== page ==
To ignite ownership behavior on your team, simply explain your answers to the following Fundamental Four Questions. These are questions that every employee asks, regardless of whether you hear them:
- Where are we going? (Goals)
- What are we doing to get there? (Plans)
- How can I contribute? (Roles)
- What's in it for me? (Rewards - professional, social, psychological and financial)
Like any aspect of leadership, gaining alignment does not just happen. It must be intentional. My late friend and inspiring coach Ron Rossetti liked to say, "Awesome- ness is never accidental."
My clients who paint a clear picture for their teams are intentional about answering the Fundamental Four Questions. They use the questions as a checklist to ensure that the content of significant company communications addresses each question. The alignment in their organizations is notably greater and their results are notably better. Answering the Fundamental Four Questions creates a bridge that connects today's tasks to the broader team purpose.
Inspiring coaches help their teams see and understand the longer-term, downstream impact of their personal performance on team results, on the organization, on customers, on shareholders, and ultimately on themselves (What's in it for me?).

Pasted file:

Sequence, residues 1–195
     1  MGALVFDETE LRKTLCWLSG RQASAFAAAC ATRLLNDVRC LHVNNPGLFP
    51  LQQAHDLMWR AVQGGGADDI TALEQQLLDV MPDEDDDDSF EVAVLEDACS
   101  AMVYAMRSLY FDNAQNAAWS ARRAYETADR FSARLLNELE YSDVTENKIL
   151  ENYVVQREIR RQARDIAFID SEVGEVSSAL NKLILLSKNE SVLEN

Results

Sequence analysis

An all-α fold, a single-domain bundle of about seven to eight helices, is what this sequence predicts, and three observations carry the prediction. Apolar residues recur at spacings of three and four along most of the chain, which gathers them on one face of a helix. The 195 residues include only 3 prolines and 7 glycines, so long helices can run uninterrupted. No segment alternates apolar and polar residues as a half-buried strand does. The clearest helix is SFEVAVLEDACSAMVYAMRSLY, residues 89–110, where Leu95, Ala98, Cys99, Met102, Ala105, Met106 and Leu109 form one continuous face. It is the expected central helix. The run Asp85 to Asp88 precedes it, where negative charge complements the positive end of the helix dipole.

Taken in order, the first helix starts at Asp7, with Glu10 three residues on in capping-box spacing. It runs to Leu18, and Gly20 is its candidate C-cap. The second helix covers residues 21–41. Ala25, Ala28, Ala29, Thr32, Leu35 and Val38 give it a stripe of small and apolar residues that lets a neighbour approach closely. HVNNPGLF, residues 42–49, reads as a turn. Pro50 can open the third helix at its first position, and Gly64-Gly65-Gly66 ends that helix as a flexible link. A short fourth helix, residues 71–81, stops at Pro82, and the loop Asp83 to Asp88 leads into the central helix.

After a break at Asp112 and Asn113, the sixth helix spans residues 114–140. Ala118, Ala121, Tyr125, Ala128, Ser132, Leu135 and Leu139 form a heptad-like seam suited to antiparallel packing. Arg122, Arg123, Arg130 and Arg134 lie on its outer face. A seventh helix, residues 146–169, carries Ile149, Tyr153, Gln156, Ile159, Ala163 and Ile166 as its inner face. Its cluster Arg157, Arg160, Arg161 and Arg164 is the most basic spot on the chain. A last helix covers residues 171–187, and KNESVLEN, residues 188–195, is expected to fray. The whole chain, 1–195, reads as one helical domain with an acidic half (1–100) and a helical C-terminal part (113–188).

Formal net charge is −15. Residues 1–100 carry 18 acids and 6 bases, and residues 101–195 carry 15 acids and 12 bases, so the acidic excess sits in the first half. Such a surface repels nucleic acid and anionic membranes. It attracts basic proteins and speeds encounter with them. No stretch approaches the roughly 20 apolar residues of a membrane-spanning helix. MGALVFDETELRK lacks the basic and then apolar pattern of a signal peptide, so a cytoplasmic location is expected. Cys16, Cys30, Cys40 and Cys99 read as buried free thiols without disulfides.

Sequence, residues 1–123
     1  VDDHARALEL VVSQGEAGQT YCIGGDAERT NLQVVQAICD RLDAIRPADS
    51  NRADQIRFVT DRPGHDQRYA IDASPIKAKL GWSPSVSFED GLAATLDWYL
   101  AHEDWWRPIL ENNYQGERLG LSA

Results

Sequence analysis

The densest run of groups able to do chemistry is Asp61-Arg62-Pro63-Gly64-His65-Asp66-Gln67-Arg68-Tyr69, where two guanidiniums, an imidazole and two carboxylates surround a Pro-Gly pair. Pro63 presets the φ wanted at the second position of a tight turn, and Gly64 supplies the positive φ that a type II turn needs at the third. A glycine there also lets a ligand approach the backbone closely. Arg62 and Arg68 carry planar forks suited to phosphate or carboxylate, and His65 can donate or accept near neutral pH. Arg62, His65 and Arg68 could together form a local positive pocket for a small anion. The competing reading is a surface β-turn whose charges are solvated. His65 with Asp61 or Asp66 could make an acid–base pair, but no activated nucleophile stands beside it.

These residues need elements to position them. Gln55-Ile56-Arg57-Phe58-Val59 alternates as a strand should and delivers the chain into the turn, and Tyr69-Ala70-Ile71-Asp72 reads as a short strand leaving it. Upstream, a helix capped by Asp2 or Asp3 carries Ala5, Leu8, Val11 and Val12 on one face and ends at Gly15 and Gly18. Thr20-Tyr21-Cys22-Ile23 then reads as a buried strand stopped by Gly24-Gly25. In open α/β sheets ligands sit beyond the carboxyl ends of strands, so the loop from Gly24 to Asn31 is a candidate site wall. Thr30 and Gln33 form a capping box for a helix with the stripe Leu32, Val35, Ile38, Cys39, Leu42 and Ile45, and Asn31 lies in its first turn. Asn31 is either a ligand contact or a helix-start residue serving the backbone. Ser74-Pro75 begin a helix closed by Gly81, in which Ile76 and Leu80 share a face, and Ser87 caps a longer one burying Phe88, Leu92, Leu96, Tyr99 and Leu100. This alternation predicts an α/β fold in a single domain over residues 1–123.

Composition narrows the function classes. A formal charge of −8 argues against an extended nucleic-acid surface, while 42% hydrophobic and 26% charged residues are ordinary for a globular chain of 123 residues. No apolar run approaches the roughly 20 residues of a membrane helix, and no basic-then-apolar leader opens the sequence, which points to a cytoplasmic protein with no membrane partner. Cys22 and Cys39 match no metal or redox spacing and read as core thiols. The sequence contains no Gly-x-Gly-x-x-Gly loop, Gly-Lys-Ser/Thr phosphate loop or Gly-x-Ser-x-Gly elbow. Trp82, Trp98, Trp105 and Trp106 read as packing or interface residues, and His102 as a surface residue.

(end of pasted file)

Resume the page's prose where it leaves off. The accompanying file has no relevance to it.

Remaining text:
When employees see how their actions help or hinder others, it aligns their performance with clear consequences. The personal impact to an employee might include opportunities for promotions, development, exposure to executives, public recognition, expanded responsibilities, flexibility in the job, oversight of others, ownership of projects, and/or financial rewards.
In addition to formal communication, explain expectations for your team with each informal communication. For example, you can pop into their workspace or call remote team members to see how they are doing.
With today's information- overloaded workplace, it can be challenging to decide what to communicate to employees and what to withhold. It's easy to say (usually to yourself), "They don't really need to know all that," or, "My team won't really understand," or, "I don't think they can handle that news right now." Be cautious because those who underestimate the intelligence of others tend to overestimate their own.